Sontag is “a stubbornly unspecialized writer who has so far been largely unable to incorporate into either novels or essays my evolving radical political convictions and sense of moral dilemma at being a citizen of the American empire.”   And  she admits she is “one more volunteer in the armchair army of bourgeois intellectuals with radical sympathies in the head.”  Still, she went where she was not supposed to go, even though it appears that she could not get out of her head for very long. Read the rest of this entry »

Elie Wiesel and the Question of Palestine

This essay was first published in Tikkun, November-December 2002.

In his 1986 Nobel lecture, Elie Wiesel spoke with characteristic gravity on any attempt to reckon with the Holocaust: “There are no theological answers, there are no psychological answers, there are no literary answers, there are no philosophical answers, there are no religious answers. The only conceivable answer is a moral answer.” The moral themes of silence and being a bystander before atrocity have been central to Wiesel’s work as a public intellectual in his adopted homeland of the United States over the last four decades. Winner of the Congressional Medal of Honor in 1985, confidant of and advisor to American presidents, author of over forty books, Wiesel has acted as a Jewish guardian of memory and as an international conscience. In his many interventions for human rights, Wiesel has drawn upon his own bitter experience during the Nazi years. He once confessed, “I am obsessed with silence because of the silence of the world. Where were the humanists, the leaders, the liberals, the spokesmen for mankind? The victims needed them. If they had spoken up, the slaughterer would not have succeeded in his task.” Over the decades, the European Christian churches, the American Jewish community, and even the pre-War Zionists have come in for Wiesel’s critical questioning because of their silence, prudence, faintheartedness, or interest in priorities other than saving European Jewish lives. Read the rest of this entry »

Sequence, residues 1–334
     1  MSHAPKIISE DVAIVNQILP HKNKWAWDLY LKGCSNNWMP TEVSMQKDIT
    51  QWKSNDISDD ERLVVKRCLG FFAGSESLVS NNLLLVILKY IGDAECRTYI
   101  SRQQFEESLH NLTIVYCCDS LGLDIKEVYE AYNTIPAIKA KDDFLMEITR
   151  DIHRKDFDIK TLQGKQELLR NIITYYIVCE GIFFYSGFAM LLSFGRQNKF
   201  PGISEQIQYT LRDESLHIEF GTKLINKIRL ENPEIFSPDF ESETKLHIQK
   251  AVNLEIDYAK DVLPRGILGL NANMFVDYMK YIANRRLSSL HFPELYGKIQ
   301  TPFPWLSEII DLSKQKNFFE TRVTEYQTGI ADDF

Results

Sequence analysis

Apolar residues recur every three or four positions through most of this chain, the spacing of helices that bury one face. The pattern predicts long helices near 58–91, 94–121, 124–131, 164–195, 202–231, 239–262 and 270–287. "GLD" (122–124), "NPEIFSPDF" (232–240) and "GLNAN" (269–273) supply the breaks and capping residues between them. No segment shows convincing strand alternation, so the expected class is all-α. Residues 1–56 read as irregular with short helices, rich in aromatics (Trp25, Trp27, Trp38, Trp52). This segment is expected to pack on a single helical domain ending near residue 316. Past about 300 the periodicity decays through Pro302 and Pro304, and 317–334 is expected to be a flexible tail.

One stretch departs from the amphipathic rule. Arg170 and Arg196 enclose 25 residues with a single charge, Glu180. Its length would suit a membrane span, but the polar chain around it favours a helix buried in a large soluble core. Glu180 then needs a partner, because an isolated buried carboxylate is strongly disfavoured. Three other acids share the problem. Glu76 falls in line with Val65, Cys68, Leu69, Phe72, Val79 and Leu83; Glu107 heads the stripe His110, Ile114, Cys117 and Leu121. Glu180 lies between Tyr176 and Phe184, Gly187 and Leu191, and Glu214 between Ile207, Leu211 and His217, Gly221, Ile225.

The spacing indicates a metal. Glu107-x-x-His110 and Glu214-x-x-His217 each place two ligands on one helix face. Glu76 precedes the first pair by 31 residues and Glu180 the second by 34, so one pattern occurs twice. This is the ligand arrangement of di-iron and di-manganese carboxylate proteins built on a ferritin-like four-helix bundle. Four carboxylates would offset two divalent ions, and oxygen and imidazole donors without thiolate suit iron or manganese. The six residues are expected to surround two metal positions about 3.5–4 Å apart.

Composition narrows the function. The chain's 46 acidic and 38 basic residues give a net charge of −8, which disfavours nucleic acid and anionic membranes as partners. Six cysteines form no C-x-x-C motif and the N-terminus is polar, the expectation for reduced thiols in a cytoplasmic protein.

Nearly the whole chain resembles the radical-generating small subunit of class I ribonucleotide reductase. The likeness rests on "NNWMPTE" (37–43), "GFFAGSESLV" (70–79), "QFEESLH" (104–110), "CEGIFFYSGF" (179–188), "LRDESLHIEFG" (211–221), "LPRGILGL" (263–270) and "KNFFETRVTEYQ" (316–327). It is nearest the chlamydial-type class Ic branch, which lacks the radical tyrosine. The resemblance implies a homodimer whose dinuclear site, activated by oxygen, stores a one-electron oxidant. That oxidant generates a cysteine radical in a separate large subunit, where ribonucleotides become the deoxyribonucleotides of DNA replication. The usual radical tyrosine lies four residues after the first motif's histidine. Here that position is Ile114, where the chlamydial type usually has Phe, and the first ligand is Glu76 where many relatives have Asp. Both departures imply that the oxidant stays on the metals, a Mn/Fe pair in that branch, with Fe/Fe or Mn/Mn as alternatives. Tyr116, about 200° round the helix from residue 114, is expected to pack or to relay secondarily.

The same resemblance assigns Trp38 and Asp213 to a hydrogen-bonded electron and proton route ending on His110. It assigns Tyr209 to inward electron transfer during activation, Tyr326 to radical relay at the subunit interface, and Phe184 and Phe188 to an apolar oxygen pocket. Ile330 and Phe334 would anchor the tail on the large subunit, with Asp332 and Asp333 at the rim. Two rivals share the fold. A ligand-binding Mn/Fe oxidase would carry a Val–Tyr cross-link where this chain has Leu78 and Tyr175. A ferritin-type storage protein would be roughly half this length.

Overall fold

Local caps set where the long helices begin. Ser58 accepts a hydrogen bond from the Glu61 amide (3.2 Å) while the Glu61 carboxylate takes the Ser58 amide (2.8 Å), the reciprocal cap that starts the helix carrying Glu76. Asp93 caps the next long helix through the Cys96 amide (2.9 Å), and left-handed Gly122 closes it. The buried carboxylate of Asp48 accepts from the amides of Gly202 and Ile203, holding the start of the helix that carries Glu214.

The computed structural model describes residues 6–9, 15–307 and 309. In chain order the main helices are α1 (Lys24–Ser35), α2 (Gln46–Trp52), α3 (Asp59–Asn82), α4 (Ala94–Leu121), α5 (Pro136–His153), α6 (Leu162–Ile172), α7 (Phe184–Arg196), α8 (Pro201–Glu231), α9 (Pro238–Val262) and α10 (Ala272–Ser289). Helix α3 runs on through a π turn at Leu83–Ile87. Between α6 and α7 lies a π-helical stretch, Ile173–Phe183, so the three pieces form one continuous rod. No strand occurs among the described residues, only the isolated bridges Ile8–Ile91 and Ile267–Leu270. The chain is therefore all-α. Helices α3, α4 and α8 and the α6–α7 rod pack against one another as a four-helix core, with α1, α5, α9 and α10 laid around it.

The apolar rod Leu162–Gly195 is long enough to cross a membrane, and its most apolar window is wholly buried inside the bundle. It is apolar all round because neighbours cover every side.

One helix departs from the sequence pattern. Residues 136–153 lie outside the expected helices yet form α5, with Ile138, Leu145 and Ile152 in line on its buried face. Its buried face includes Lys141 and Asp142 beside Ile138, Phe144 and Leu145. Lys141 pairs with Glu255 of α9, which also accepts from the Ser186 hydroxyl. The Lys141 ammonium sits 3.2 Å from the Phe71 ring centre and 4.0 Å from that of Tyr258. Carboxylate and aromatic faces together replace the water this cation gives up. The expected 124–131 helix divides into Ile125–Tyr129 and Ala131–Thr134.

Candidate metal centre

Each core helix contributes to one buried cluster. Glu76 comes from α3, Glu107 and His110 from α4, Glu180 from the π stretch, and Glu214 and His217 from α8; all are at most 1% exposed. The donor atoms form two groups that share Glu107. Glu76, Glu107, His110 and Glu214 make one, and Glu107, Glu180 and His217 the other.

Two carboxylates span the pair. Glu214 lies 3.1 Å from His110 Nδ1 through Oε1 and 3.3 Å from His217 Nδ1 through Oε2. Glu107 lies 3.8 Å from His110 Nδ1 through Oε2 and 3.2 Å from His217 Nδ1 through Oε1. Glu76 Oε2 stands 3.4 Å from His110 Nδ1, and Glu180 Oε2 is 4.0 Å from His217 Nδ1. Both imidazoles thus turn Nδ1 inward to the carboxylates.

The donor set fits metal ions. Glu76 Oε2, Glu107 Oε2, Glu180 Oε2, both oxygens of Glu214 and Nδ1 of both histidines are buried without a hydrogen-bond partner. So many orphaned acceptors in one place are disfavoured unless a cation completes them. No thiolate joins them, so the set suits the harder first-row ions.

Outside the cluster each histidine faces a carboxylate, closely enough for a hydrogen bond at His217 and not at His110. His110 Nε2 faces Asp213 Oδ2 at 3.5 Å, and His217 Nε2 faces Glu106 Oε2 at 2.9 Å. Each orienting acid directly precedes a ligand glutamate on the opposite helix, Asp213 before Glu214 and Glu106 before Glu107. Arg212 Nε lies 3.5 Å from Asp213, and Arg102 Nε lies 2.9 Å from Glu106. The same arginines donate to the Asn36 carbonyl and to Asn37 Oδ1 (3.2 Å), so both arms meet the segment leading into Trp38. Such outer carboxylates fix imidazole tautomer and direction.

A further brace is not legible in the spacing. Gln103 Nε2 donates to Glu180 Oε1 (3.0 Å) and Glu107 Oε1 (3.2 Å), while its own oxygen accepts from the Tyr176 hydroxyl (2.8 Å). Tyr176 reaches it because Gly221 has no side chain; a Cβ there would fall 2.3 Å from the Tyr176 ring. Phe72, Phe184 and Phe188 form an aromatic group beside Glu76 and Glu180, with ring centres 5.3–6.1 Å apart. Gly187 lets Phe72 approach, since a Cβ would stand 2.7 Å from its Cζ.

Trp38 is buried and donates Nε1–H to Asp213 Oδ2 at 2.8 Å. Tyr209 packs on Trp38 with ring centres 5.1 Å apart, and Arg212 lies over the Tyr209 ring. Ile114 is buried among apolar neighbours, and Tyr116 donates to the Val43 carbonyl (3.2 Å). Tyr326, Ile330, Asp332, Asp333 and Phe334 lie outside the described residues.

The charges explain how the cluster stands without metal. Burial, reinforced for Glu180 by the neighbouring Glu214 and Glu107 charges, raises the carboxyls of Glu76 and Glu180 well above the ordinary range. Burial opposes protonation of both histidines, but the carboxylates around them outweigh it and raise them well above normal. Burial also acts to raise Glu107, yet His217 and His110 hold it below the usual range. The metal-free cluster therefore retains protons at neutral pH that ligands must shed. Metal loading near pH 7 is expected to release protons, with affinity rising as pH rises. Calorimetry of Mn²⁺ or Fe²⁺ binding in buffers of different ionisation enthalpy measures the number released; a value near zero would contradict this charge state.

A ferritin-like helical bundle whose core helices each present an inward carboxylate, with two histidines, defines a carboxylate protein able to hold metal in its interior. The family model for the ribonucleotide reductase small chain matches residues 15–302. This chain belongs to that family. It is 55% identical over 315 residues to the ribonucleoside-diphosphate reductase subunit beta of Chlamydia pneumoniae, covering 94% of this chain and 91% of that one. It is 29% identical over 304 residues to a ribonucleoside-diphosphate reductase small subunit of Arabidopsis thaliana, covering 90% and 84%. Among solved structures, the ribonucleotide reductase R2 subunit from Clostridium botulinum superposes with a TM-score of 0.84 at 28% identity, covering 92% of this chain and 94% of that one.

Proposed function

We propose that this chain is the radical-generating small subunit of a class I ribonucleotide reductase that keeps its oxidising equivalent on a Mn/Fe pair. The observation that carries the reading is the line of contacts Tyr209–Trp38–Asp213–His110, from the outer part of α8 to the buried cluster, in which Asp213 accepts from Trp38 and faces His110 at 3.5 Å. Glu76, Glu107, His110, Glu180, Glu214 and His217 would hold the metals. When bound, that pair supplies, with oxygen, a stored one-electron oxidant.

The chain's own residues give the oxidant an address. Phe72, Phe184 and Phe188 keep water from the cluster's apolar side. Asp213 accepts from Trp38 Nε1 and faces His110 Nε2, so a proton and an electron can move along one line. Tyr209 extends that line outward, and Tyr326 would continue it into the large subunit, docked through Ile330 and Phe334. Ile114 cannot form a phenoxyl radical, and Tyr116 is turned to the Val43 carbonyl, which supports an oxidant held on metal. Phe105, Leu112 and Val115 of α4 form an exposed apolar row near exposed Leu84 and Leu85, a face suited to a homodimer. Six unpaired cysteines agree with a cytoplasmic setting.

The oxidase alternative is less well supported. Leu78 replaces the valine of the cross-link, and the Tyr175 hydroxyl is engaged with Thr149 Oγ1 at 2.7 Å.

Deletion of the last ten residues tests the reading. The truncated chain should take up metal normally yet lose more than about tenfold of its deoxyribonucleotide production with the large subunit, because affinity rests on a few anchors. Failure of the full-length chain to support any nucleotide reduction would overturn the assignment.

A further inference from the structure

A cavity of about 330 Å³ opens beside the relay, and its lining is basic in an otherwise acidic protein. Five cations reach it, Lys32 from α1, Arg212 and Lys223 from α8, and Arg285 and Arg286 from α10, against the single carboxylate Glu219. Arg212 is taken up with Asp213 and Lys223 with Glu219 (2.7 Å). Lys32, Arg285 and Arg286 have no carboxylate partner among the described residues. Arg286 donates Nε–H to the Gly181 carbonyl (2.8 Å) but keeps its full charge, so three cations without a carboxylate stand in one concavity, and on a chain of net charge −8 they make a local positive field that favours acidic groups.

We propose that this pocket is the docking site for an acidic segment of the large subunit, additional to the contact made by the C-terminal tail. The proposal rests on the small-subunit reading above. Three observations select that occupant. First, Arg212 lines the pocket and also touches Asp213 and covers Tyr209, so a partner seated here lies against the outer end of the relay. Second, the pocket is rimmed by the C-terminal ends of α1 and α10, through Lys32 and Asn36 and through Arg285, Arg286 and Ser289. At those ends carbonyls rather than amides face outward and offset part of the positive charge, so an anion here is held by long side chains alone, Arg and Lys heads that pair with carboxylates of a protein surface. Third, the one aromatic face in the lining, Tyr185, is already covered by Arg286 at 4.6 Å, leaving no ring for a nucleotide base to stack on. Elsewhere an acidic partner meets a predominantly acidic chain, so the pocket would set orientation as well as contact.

Prudence & Parrhesia

A library I once spent time in
Is named in honor of Pope Pius XII

He was nothing if not prudent
And prudence is a virtue much of the time

In 1948
When talking with members of the Dominican order

Albert Camus admitted that the anti-Fascist resistance
Had waited for a clear voice to speak out of Rome Read the rest of this entry »

Dear Mark

Dear Mark,

Here is my reflection of Dear Layla, I thought at first that I should apologize for the scatter-brained style of writing I’m sure this letter will take. Then I thought, he probably doesn’t mind. So here it is, as it is, in my head.

When you sent me the pdf of Dear Layla I could not wait to read it. After reading The Book of Mev, hearing you speak, drinking coffee with you. I knew it was going to be good. Little thoughts here and there, ideas from different points in time, people met at different places. Somehow beautifully put together to create this one incredible story.

I read Dear Layla in less than 24 hours. And by that I mean I started the moment it arrived in my facebook inbox, and kept reading until my eyes really couldn’t stay open anymore. Then I picked it up again the next day, and read until I was already a few minutes late to class and I remembered we’d be reviewing for our midterm so I should probably go. Then I ran home from class to make myself a sandwich before the next one, only to forget the bread in the toaster because I was too busy reading. Read the rest of this entry »

Activist, What Do You See in the Night?/2

During a recent theological conversation with a friend in Louisville, I mentioned several thinkers and writers who had been very influential on me over these years. That exchange led to this concise collage….